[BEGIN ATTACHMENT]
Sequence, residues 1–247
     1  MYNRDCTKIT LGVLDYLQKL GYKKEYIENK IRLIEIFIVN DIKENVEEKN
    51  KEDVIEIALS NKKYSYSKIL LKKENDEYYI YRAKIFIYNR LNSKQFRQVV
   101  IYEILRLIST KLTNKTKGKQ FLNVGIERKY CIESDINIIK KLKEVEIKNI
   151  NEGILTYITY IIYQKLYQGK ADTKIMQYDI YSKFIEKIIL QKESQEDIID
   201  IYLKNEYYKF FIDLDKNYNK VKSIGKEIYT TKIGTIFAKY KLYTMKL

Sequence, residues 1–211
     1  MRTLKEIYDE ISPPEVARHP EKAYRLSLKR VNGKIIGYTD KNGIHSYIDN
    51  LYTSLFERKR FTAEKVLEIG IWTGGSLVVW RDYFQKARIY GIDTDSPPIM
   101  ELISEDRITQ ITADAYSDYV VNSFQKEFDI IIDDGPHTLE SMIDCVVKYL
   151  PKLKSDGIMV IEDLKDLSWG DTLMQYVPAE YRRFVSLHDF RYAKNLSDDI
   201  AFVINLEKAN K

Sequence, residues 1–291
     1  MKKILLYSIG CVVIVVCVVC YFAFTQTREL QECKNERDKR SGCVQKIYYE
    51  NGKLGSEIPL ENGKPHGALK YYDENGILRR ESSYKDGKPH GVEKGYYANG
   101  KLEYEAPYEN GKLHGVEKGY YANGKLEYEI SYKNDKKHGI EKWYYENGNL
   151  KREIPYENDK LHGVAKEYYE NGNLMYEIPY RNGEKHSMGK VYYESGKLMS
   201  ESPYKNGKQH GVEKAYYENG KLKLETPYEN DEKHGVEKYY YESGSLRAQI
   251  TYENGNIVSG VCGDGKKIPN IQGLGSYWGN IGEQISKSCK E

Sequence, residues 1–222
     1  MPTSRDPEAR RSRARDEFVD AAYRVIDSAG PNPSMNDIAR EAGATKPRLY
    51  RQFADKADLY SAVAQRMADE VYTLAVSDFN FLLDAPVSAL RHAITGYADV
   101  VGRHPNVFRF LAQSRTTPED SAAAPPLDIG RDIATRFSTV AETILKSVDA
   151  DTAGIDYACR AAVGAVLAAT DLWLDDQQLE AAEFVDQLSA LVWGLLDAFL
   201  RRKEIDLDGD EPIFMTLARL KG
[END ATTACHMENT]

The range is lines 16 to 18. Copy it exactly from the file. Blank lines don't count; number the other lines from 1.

   101  KLEYEAPYEN GKLHGVEKGY YANGKLEYEI SYKNDKKHGI EKWYYENGNL
   151  KREIPYENDK LHGVAKEYYE NGNLMYEIPY RNGEKHSMGK VYYESGKLMS
   201  ESPYKNGKQH GVEKAYYENG KLKLETPYEN DEKHGVEKYY YESGSLRAQI